Around 6 of every 1 million US adults suffer from Uveal Melanoma, an intraocular cancer. Of that, the prevalence among black-Americans is less than 1/8th that of the white-Americans. Keeping in mind black people have more melanin in the eye than white people, it’s observed that having light-colored and hazel eyes puts you in the risk of uveal Melanoma.

Even though the risk is slight, it is still diligent to wear sunglasses to protect yourself from UV rays, which have been shown to damage genetic material, thereby causing cancer.

Are hazel eyes a sign of disease?

Not at all. They’re a natural feature. However, since you don’t have much melanin in your eyes, you want to protect them from the UV rays, which can cause cancer. Try wearing sunglasses when spending lots of time in the sun.

Hazel Eyes Color: Hazel Eyes vs. Other Eye Colors  

How do hazel eyes differ from the other eye colors? Let us see the variations based on the following factors:


The most obvious difference is the color. While hazel eyes are polychromatic, other eye colors are largely mono-chromatic. For instance, brown is just brown and blue is just blue.

By the way, monochromatic means being made of one color, while polychromatic means being made of different colors.

So, with hazel eyes, you see different colors in the same eye, like brown, green, and gold.


According to the World Atlas, hazel is one of the rare forms of eye color in the world.

The commonest eye color is brown, with its occurrence standing at around 79%. The next in line is blue, which occurs at a rate of 8 to 10%. After that, the next one is hazel, with around 5% of the population having it. Green is less common, with a prevalence of 2%. Even rarer are eye colors like red/violet and gray, which occur at less than 1%.

How they come about

Another difference that hazel eyes have with the other eye colors is the way in which they come about. Hazel eyes are a result of low concentrations of melanin in the iris, couple up with the light scattering phenomenon we talked about earlier called Rayleigh scattering.

The difference with brown eyes is that with brown eyes, there is a high concentration of iris throughout the iris, and the concentration is uniform.

Although other monochromatic eye colors like green or blue signify a low concentration of melanin, the concentration is uniform.

But with hazel eyes, the concentration is low, and it differs as you move away from the pupil. At the edge that is near the pupil, the concentration is normally high and as you move outward, it reduces. That is why most folks with hazel eyes have a brown color near the pupil and greenish or gold colors as you move outward.

Protection from UV rays

The pigment called melanin is what protects the eyes from the harmful UV rays.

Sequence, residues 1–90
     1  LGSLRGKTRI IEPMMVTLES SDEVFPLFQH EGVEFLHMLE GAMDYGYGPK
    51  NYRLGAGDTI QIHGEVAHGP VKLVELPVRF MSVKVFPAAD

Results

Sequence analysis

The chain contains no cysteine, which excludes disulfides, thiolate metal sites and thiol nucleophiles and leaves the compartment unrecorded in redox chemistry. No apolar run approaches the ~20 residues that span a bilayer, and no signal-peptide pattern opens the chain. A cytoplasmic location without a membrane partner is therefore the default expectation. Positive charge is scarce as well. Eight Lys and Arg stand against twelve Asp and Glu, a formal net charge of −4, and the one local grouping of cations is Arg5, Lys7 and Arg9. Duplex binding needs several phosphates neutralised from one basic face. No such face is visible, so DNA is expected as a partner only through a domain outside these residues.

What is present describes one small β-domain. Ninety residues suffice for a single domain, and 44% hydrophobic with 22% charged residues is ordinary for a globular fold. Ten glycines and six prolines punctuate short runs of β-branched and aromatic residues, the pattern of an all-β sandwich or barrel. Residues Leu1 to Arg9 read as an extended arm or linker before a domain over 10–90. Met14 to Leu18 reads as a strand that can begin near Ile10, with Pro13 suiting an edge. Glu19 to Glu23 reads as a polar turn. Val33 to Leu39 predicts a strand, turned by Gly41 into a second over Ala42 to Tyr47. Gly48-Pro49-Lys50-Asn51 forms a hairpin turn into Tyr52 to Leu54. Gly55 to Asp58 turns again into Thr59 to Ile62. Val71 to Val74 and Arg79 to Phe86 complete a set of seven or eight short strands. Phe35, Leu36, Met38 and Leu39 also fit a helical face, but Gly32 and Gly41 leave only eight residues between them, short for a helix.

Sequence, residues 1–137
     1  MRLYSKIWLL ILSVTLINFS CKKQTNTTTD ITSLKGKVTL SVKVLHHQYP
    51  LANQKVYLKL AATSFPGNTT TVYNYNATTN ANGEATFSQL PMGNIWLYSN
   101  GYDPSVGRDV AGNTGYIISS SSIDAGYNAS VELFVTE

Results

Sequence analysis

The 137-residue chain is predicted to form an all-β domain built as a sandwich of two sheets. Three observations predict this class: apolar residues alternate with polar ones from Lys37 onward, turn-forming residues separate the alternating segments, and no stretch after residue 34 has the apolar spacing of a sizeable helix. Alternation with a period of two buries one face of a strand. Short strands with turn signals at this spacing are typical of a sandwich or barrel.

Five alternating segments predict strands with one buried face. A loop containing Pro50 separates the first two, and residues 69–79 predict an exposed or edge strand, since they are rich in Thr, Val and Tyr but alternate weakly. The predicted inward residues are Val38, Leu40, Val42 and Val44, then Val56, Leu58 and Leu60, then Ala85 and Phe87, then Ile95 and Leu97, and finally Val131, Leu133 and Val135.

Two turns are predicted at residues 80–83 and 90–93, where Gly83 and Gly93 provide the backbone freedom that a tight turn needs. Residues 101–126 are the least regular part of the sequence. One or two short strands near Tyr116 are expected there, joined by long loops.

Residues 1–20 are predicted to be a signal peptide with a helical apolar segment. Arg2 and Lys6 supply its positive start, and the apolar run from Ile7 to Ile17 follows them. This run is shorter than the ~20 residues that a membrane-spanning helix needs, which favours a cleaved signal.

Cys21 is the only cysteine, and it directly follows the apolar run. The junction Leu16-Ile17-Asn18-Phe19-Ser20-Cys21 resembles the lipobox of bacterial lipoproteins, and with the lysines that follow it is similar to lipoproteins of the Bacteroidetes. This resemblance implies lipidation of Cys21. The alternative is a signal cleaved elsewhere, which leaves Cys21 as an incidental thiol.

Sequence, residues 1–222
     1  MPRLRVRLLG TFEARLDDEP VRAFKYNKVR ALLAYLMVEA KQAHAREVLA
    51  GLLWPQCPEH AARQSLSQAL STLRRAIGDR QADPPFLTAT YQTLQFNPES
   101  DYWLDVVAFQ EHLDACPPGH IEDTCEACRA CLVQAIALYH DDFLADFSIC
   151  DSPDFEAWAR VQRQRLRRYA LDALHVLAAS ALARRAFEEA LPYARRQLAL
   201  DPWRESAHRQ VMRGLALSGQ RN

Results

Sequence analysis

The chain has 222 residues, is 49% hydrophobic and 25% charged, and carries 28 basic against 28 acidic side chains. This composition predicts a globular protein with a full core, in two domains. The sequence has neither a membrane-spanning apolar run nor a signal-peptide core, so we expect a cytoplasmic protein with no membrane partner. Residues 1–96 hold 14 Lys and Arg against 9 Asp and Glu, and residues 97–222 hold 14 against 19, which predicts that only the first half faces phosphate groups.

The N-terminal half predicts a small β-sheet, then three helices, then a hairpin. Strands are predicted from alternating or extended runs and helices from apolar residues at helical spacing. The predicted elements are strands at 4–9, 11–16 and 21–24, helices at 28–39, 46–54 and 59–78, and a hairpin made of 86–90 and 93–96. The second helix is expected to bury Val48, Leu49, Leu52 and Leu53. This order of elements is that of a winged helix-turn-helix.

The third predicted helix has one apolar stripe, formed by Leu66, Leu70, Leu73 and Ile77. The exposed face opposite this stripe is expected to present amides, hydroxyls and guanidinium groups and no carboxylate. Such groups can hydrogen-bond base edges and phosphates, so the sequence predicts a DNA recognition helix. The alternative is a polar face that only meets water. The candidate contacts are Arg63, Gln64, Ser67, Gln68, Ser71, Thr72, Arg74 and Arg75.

So, compared to brown eyes, which have high levels of melanin, hazel eyes are less protected from UV rays, hence the need for sunglasses.

The difference here is majorly from brown eyes, since the other eye colors including blue and green are also not well protected from the UV rays.

Hazel Eyes Percentage – how common are hazel eyes? 

According to statistics on the World Atlas, brown is the most common eye color, with its prevalence standing at about 79%.

What about hazel and the other eye colors? You ask. Well, the rest occur as follow:

  • 5% of the people have hazel or amber-colored eyes.
  • 8 to 10% have blue eyes.
  • 2% of the people have green eyes.
  • Even rarer are gray, and red/violet eyes, which occur at a rate of less than 1%.

As earlier shown, most of the people with brown eyes are blacks, Asians, and Hispanic whites, as they have the highest melanin levels. The other eye colors prevail mostly among the non-hispanic whites, who have lower levels of melanin.

Note that apart from hazel, there’s another rare eye color phenomenon known as heterochromia. That is where your eyes are colored differently, so that, for instance, your left eye is green while the right one is blue.

Heterochromia is one of the rarest eye color phenomena, occurring at a rate of less than 1%.

What Should You Take Care of When You Have Hazel Eyes? 

Remember what we said about the health issues associated with hazel eyes? We stated that hazel eyes aren’t a disease or medical condition. They’re natural beauty.

But we also illustrated how hazel eyes put you at the risk (albeit slight) of getting uveal melanoma, which is a form of cancer that affects the eyes.

If you have hazel eyes (or other eye colors apart from brown or dark-brown for that matter), that means your melanin levels are moderate to low. Hence, you don’t have much protection from the harmful UV rays.

Considering UV rays are associated with the development of uveal melanoma, it’s crucial to wear UV-protected sunglasses any time you’re out in the sun.

Tips on Make Up for Hazel Eyes